As a jury we also appreciated how the open dorms provide a degree of privacy consistent with security (research shows that this encourages positive communications). We like how the campus provides numerous outdoor spaces for inmate and staff activities; landscaping throughout is carefully designed to provide these places while not blocking views needed for supervision.”
The project will be published in the 2013 Justice Facilities Review and honored at the AIA’s Academy of Architecture for Justice (AAJ) fall conference in Portland, Oregon.
The 2013 Justice Facilities Review jury members consisted of:
– Jay Farbstein, FAIA, Chair, JFA, Pacific Palisades, California
– Earl Cook, Alexandria Police, Washington, DC
– Duane B. Delaney, District of Columbia Court System, Washington, DC
– Tom Donaghy, AIA, Kishimoto.Gordon. Dalaya, Phoenix
– Tom Faust, District of Columbia Department of Corrections, Washington, DC
– Maynard Feist, AIA, Lionakis, Sacramento
– Jim McClaren, AIA, McClaren, Wilson, Lawrie, Phoenix
March 7th, 2013
Beverly Prior presented “Correctional Facilities Connecting with the Community” at the 2013 ACA Winter Conference in Houston. During her presentation, she reviewed the Sustainable Justice Ratings Guide. The SJ Ratings Guide broadens assessment beyond the facility scale to sustainability at the societal, community, and human scales.
Beverly, along with HMC’s Julia Hughes and the AIA Sustainable Justice Committee, continue the development of the Sustainable Justice Ratings Guide a custom methodology or scoring system to specifically evaluate justice facilities within the context of sustainable principles that uniquely expands the definition of leadership for sustainable environments, communities, and society at-large.
The Sustainable Justice Ratings Guide has a 2030 planning horizon for the long term impacts of sustainable justice. The Ratings Guide does not compete with USGBC LEED criteria, rather it augments sustainable building design and construction criteria and focuses on the whole system from societal impacts to the engagement of the individual. The Ratings Guide is based on four scales: The Societal Scale; The Community Scale; The Facility Scale; and The Human Scale.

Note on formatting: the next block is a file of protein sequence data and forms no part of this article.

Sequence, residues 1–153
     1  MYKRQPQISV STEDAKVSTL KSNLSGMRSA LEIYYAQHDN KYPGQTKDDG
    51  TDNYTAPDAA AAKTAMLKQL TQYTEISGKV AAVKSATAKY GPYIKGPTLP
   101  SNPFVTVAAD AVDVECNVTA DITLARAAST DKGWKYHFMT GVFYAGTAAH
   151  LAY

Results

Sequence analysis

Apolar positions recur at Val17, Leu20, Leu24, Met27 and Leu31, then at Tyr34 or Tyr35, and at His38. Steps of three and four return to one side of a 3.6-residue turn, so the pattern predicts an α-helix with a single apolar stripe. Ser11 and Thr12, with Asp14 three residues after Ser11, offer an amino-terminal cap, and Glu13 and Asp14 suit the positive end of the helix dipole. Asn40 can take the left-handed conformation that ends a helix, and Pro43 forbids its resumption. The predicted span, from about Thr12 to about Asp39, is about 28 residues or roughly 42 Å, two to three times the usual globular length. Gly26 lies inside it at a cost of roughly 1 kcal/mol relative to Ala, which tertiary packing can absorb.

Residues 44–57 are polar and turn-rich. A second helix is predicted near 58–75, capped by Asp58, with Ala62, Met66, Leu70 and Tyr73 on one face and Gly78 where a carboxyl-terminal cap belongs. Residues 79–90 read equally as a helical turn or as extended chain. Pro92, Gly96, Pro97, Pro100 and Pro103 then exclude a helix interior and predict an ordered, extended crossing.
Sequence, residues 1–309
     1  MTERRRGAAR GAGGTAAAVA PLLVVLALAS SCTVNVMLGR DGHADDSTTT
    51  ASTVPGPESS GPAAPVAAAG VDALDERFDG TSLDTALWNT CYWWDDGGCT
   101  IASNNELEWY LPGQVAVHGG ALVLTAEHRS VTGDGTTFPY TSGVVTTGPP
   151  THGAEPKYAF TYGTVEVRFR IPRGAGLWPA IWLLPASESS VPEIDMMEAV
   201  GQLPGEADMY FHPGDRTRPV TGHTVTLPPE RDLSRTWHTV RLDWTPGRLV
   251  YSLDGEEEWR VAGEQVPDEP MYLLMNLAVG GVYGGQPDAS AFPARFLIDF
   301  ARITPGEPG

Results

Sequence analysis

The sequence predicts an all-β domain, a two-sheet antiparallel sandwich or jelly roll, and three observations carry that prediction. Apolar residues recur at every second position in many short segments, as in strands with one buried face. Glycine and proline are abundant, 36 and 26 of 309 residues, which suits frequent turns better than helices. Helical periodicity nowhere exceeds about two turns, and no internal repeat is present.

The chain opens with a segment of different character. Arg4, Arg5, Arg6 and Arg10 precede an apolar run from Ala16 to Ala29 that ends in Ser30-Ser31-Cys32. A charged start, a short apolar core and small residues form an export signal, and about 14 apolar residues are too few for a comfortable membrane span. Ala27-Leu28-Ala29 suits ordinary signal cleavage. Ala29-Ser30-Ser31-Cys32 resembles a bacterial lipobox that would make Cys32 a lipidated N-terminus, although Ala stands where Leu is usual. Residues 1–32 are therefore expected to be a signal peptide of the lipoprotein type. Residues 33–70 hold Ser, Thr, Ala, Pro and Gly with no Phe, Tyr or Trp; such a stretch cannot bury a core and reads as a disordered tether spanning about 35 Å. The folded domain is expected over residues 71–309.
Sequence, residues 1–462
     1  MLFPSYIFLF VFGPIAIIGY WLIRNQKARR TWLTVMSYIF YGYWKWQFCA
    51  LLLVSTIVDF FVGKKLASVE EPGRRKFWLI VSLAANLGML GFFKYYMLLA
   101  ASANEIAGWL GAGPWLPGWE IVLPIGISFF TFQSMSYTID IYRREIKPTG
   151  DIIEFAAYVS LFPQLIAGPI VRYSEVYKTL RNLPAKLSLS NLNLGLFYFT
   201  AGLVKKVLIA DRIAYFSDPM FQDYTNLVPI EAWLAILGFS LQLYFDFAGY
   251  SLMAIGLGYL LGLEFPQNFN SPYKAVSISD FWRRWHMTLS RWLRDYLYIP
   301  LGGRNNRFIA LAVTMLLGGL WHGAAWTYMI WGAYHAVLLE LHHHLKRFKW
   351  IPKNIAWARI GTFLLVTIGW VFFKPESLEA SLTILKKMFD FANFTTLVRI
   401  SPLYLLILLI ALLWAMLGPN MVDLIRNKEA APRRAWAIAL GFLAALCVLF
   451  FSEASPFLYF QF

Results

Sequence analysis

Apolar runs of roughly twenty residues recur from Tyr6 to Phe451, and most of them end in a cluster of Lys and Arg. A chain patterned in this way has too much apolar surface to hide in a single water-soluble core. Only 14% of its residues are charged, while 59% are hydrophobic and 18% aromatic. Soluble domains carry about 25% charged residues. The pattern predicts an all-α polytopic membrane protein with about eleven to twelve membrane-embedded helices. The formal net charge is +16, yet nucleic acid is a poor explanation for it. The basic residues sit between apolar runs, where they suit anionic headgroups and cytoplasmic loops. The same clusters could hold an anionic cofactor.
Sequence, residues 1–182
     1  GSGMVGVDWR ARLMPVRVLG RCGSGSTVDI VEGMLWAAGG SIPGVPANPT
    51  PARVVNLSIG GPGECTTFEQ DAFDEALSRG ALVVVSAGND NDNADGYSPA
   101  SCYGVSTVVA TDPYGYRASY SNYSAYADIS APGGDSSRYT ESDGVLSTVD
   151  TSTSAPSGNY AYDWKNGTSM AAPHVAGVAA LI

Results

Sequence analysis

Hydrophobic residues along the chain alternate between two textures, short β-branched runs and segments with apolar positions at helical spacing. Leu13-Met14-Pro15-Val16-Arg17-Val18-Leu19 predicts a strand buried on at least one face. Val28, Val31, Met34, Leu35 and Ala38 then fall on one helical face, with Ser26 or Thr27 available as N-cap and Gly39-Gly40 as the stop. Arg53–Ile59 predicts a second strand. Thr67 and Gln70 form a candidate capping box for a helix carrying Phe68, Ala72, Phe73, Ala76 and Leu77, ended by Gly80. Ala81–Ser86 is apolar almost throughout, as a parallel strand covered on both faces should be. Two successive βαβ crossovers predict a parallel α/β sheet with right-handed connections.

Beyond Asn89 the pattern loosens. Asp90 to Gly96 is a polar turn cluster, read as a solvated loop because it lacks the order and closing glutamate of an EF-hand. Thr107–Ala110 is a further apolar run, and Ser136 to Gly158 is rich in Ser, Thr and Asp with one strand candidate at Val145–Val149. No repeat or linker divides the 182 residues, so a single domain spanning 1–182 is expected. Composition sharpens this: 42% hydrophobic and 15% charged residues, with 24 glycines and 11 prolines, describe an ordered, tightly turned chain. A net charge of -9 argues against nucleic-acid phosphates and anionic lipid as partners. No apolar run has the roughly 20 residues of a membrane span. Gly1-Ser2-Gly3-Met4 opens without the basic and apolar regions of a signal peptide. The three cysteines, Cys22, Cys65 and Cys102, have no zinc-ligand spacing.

— It is intended to encourage a broader role of sustainability for our justice facilities in our society as well as their impact on communities and individuals.
— Goals are defined based on Sustainable Justice Principles that reach far beyond materials, methods, and the physical and earth energy resource conservation of physical plant construction and performance standards.
— Desired outcomes are defined by metrics and reference standards and resources that provide reinforce the unique link public facilities have with, and contribution to a successfully sustainable community and society.
February 13th, 2013
Correctional News recently asked HMC Architects’ Beverly Prior a series of questions in order to understand how green design has been implemented in the correctional market and the overall benefits of sustainable design in the industry.
The first question Correctional News asked was: “how has she seen sustainability and energy-efficient design concepts grow in the correctional market?”
Beverly answered, “I’ve seen sustainability concepts grow from two perspectives — the political and the operations perspective. Politically, the funding agency, whether a state or county often have standards that projects must meet a LEED or other green standard. It also can help with achieving community buy in: “At least it’s green!” Achieving a LEED status is a source of pride and positive public relations: “We’re doing the right thing!” Operationally, the focus is minimizing the ongoing use of resources. Correctional facilities make large demands on water and power, so if those year after year costs can be reduced, then agencies have more options with where to put their resources. With the support of state grant programs, Alameda County’s Santa Rita Jail is now poised to save $100,000 per year with their new solar grid.”
December 19th, 2012